Feet and signs are visible behind a banner as pickets march outside the entrance to Twentieth Century-Fox Studios in Los Angeles as a strike by film and television writers got under way Monday, Nov. 5, 2007. The contract between the 12,000-member Writers Guild of America and the Alliance of Motion Picture and Television Producer expired Oct. 31. Talks that began this summer failed to produce much progress on the writers’ key demands for a bigger slice of DVD profits and revenue from the distribution of films and TV shows over the Internet. (AP Photo/Reed Saxon)

This will give us more time to study the scriptures and spend quality time with our families.  This could be the perfect opportunity for a revival.   Prayer groups can conference call, online bible studies can add additional topics, and support groups for people addicted to television should flourish.  This is also a great time to desensitize yourself of all of the pre-advent marketing.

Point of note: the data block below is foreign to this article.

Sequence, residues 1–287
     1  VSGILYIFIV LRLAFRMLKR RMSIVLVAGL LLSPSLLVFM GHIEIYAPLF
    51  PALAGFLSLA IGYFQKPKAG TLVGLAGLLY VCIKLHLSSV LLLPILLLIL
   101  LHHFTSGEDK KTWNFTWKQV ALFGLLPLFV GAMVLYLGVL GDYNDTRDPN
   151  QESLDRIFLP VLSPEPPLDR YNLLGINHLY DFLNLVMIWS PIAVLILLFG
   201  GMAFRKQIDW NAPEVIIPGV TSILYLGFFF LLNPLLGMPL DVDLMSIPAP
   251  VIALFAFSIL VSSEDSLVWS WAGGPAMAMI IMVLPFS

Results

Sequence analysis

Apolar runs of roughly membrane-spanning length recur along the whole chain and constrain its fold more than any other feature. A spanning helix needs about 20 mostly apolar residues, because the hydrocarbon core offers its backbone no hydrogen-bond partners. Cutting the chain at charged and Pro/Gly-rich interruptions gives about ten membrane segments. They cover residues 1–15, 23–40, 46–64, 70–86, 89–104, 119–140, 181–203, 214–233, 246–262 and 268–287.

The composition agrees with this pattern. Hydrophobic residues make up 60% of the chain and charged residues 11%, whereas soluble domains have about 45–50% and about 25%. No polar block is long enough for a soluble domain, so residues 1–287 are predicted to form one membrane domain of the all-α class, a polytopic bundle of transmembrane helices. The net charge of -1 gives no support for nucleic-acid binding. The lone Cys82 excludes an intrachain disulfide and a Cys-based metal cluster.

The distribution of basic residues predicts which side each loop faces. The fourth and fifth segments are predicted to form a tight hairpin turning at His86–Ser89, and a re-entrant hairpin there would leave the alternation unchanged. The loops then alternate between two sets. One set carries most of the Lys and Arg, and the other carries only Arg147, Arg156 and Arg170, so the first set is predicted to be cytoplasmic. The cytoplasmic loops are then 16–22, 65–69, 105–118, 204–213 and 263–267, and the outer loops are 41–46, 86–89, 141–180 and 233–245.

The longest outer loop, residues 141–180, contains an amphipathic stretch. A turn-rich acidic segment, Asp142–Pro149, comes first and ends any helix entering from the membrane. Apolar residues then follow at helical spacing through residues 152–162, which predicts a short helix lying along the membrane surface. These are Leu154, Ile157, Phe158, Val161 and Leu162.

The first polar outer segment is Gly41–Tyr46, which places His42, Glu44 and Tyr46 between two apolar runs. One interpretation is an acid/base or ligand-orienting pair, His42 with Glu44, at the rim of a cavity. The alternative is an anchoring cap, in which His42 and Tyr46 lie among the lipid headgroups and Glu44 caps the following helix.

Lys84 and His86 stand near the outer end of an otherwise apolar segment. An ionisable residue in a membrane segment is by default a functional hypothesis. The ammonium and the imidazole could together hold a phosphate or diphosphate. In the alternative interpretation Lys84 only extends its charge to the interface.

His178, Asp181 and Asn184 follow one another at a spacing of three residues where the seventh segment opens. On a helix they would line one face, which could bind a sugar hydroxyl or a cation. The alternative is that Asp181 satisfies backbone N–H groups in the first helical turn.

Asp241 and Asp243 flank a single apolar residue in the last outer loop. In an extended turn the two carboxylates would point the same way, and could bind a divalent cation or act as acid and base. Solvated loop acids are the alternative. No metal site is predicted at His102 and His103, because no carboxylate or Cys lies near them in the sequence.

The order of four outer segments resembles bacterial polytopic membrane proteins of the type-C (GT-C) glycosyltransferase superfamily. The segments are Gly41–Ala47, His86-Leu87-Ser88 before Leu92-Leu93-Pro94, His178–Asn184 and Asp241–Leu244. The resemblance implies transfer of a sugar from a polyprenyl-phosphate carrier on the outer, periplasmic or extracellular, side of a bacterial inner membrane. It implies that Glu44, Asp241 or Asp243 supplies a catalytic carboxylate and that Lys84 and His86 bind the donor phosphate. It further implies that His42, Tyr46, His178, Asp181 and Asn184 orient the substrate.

The writers strike gives us insight to the changing world of digital media and its effect on culture.  One of the challenges is that the mainline church has ignored the emergence of this culture and has a difficult time in reaching the masses whose lives are dominated by Iphones, ipods, email, text messages, Facebook.com, video web conferencing  and digitally downloaded movies to 5 inch screens.

Many mainline churches, especially urban and inner city churches,  struggle to hold a conference call, find it difficult to communicate to the congregation through email, don’t have a web site and also do not understand the value of having a web site. Churches that were previously vital and progressive in the 60s, 70s and 80s where the demographics of the community have changed can see the class and the ethnic differences but they miss the cultural shift that has allowed them to become obsolete and lack relevance to the community around them.

The writers strike will affect us.  The question is how will we make lemonade